The second half of the workshop is a live, guided meditation to create art using the techniques from the first half. Some of the meditations use printable art worksheets that match the topic; some have you start a new drawing from scratch.
This is a form of active meditation. I won’t claim, as some might, that active meditation will cure disease or send you direct to nirvana, but I can say from my personal experience and working with students that it will settle your thoughts and can help you uncover truths about yourself.
The meditation gives your subconscious a chance to chew over ideas, play, and relax while the conscious mind practices what it learned. It doesn’t matter if you are an artist or not. The goal is not to create that “perfect vision” image. The process is the key.
Tune into your thoughts by distracting your mind.
Drawing Meditations’ Origin Story
After many years of using directed drawing techniques for myself, I wanted to share them with others. I devised Drawing Meditations, a combination of guided meditation that would be easy and interesting for beginners (and even skeptics) to both art and meditation.
The first step in this project was in 2015 when my friend Tracey & I developed a pocket sized coloring book paired with guided audio meditations on a USB stick. It’s great for a bite-sized meditation on the go.
I drew the coloring book, developed meditation scripts, and recorded the narrations. Tracey bankrolled the project and handled all the fulfillments. We offered the Drawing Meditations kit online, at markets, and at events in Japan.
It was well received! We didn’t sell out of stock, but we were satisfied that everyone who bought a Drawing Meditations kit had positive things to say about it. It’s still for sale and you’ll find the kits in our shop.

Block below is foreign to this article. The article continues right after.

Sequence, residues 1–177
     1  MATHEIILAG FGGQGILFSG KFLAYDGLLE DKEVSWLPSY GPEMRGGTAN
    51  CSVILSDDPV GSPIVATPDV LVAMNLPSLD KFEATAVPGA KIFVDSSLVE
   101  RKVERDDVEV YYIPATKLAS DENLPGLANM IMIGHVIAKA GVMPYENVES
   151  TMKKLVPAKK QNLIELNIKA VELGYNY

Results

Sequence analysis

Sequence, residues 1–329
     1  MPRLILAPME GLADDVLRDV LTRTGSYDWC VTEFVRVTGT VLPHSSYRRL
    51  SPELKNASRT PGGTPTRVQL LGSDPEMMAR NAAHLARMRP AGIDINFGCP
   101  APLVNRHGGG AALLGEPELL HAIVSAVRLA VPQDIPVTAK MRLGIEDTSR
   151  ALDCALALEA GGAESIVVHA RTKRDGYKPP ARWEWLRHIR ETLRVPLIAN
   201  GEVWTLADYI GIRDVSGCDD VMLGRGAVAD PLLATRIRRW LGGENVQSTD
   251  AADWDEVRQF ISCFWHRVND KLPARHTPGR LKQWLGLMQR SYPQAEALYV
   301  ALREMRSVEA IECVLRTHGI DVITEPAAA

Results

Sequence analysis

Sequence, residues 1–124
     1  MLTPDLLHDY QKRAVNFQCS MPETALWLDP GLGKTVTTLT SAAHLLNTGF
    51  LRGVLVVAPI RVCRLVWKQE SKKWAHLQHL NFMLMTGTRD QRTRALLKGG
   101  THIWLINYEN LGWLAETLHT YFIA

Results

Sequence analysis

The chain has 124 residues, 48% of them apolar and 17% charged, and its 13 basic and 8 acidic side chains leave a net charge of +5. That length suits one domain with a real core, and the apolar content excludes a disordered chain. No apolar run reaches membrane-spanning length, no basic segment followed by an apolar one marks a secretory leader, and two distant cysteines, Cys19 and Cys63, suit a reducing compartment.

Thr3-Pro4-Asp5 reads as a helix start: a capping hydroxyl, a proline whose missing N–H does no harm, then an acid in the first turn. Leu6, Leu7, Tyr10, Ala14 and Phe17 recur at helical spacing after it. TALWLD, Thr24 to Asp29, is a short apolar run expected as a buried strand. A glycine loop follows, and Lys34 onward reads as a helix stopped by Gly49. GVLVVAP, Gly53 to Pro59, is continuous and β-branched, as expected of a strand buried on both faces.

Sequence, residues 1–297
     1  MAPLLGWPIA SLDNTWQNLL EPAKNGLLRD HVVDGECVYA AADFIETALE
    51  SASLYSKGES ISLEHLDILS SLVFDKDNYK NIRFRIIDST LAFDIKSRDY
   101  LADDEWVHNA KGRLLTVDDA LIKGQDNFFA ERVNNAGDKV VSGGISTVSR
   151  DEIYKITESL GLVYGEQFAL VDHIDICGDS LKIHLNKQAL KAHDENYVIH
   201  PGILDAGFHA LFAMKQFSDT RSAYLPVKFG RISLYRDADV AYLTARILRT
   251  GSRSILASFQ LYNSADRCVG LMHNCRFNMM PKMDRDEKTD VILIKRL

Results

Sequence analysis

From that foundation, I wanted to expand the concept and dive deeper into the art techniques that I know work well with meditation. So we offered live classes and workshops in Japan, the US, and India.
At the current moment, in-person classes are just not happening. But more than ever in these days of social distancing, we need to find time and space for our own thoughts to flow, and for our minds to relax and find solutions.
So we are producing new meditations in digital formats, teaching live classes via Zoom, and setting up a series of corporate sessions and online Drawing Meditations sessions.
Kristen has worked and played in a rainbow spectrum of creative fields: writer, illustrator, designer, video editor, actor, circus performer, & choreographer. Despite her decades of experience, she finds the title ‘Artist’ intimidating. “It’s a lot to live up to! I just do what I do.”
She is also a yoga practitioner and finds meditation beneficial for her mental health. “I’m a failure at sitting silently and counting my breath, so I find inner calm though movement, visualisation, and my favorite form, drawing.”
You can follow Kristen, her art, and her adventures in rural Japan on Instagram, @mediatinker.
Tracey is a reluctant artist. Her inner critic has always told her that she is no good at art or other creative pursuits. This has prevented her from spending time on technique or skill acquisition. Despite her left brain academic studies and mannerisms keep her producing at her many jobs and keeps her family schedule in check there has always been something missing. There has always been a right brain yearning to be set free in creative pursuits.